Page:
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Well, they sank more ships, didn't they?

I'm not "reading" anything right now, but I spend a couple of hours every day inside my reference books:
Jutland, An Analysis Of The Fighting, by John Campbell (a Jutland book for bean counters)

Naval Weapons Of World War Two, by same

Jane's and Conway's ship series

Warship Quarterly (now yearly) by Conway

The Battleship Dreadnought, by John Roberts (a book for rivet counters)

World War II, Day By Day, from Time-Life

World War I, Day By Day, by I don't remember who

Three different Civil War Day By Day books

British Battleships, 1889-1904, by RA Burt

U.S. Cruisers, by Norman Friedman

German Destroyers Of World War Two, by MJ Whitley

The U-Boat War: 1914-1918, by Edwin Gray

Yes, I have my nose in most of them almost every day.

Here's one I've had for a while but still haven't read: Psychological Factors In Submarine Warfare, by the US Navy Department.
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Old 06-08-2006, 06:16 AM   #13
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Patrick O´Brian : Desolation island

Adrian Goldsworthy,John Keegan : Roman warfare

And i am planning to purchase : R. Cameron Cooke : Rise to victory,heard good things about it in forums
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Old 06-08-2006, 06:51 PM   #14
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Two books for me.

Stealth at Sea: The History of the Submarine
A Time To Die: The Kursk disaster


I highly recommend both. Was pleased to see our man Drebbel mentioned in the first book
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Old 06-09-2006, 06:29 PM   #15
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Quote:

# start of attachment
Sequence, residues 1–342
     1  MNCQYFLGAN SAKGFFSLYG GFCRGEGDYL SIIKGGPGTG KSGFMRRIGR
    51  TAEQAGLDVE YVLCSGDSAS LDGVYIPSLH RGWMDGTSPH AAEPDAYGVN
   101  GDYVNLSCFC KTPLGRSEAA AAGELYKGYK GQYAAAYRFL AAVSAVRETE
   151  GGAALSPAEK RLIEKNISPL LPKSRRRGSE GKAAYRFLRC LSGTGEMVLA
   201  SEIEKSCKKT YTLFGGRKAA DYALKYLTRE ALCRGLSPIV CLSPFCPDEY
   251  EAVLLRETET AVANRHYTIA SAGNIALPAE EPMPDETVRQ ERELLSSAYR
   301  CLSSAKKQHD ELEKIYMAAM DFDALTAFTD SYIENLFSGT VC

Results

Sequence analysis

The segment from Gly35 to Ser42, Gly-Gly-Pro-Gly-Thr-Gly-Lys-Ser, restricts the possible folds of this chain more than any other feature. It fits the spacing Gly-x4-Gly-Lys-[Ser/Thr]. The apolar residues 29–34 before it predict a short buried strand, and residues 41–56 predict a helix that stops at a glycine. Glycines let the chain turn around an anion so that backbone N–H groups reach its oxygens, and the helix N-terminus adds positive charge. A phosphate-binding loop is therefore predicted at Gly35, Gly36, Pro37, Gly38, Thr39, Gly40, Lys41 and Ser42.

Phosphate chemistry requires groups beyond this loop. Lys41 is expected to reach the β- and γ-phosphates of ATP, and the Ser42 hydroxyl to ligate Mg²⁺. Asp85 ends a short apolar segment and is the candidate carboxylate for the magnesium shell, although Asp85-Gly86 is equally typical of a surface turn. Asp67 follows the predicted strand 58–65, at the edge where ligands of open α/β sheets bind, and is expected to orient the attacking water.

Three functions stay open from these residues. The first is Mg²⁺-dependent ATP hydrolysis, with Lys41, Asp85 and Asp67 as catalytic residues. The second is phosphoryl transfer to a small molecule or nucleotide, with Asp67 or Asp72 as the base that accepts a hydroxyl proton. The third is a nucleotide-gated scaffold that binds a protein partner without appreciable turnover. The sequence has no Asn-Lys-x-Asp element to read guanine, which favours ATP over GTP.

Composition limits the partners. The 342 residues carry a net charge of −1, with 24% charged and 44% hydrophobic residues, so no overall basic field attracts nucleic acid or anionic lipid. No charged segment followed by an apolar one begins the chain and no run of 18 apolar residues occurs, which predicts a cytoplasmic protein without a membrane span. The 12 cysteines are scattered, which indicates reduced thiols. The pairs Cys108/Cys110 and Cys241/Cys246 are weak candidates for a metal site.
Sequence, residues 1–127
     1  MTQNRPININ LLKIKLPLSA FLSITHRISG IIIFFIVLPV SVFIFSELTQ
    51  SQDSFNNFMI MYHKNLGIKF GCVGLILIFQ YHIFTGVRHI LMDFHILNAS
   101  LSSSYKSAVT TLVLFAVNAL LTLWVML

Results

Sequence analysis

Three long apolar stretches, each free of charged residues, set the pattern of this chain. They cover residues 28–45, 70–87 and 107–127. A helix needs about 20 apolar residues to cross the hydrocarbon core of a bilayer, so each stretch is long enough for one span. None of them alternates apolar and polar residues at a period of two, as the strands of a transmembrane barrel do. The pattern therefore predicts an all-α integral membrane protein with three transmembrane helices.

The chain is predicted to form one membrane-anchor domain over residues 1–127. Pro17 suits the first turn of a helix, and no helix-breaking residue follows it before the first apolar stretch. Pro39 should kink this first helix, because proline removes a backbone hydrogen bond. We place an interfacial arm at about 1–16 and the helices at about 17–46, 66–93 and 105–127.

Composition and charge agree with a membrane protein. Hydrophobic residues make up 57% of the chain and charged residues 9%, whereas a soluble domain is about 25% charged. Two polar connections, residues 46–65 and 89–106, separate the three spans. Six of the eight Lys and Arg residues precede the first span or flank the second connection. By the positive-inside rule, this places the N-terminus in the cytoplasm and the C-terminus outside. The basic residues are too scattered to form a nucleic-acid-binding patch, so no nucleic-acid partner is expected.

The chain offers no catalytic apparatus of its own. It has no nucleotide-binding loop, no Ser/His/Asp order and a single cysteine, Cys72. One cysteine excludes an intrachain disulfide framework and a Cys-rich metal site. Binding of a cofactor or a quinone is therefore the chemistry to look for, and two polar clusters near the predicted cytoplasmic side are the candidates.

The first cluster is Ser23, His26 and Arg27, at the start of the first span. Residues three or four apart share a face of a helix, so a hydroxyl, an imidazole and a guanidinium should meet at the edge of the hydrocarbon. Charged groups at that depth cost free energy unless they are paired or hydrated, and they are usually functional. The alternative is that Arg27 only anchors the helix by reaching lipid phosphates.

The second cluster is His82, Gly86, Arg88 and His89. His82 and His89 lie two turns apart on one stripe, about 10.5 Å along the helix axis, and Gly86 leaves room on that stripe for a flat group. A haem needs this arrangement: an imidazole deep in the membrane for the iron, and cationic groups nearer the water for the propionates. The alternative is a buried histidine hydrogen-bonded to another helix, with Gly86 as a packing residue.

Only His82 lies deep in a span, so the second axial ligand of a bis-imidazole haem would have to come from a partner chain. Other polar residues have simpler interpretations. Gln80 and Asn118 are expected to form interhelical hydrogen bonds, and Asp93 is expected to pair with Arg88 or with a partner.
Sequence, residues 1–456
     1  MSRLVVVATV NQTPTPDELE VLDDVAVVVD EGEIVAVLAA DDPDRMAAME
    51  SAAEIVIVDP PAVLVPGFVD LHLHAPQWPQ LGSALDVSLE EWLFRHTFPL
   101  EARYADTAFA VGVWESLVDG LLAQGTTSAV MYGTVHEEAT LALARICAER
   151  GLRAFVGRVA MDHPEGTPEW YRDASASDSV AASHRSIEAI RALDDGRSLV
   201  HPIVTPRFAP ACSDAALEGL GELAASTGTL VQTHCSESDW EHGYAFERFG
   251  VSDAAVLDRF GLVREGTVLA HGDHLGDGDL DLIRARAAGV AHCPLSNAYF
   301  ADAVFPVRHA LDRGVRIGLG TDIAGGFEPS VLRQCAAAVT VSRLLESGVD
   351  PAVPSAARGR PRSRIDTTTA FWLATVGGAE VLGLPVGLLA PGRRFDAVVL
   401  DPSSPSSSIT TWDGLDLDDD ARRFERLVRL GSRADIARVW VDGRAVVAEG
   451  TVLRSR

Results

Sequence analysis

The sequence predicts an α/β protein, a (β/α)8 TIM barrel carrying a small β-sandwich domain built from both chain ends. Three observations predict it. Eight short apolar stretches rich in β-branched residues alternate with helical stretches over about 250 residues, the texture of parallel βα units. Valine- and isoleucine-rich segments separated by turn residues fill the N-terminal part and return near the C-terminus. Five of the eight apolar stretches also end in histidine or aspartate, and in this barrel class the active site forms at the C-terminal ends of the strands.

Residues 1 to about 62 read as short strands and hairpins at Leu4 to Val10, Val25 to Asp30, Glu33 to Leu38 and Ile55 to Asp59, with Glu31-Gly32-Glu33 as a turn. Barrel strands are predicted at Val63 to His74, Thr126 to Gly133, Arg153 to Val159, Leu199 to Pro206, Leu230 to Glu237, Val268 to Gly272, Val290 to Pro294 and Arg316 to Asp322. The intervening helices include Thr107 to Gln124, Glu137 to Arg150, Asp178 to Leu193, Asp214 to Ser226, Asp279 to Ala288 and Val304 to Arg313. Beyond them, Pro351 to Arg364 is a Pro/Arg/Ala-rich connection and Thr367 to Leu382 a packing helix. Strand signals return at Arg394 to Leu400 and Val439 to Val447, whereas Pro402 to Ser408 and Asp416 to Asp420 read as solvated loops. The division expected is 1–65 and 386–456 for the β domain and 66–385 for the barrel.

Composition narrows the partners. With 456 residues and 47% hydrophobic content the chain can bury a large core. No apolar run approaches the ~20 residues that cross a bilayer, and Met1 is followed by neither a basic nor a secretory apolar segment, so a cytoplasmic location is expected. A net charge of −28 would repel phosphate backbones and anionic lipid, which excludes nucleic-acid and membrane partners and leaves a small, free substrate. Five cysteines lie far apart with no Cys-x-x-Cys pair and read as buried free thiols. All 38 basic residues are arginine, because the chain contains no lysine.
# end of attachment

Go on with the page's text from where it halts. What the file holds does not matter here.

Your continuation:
Originally Posted by Subnuts
Quote:
Originally Posted by Egan
Iron Coffins. Again. For about the millionth time. Find something new in it every time I pick it up.
A great book, just don't take everything in it to be 100% accurate...
Lol, yeah...According to one U-boat skipper who read it:" If I used a red pen to mark out every inaccuracy it would look like a bloodbath!"

But even so. I tend to read these books less for the accuracy of the technical and - i suppose - military history aspect and more as examinations of the reactions and actions of men put into a situation i hope to god i never have to emulate.

It is the same reason I like Das Boot so much. even though a lot of the attitudes in that novel seem to clash with the more expected confidence of U-boat crews during what was still very much a period of sucess (late '41) and also the feeling that Das Boot, to me at least, seems coloured by a Post-War understanding of what took place, it still seems to me quite an honest description of life aboard the boats where long periods of drudgery and filth are broken by bursts of instense fear and horror.

Likewise, I think Iron Coffins does a fairly good job of showing what life was like in a period where most U-boats that went out on patrol simply weren't going to be coming back again.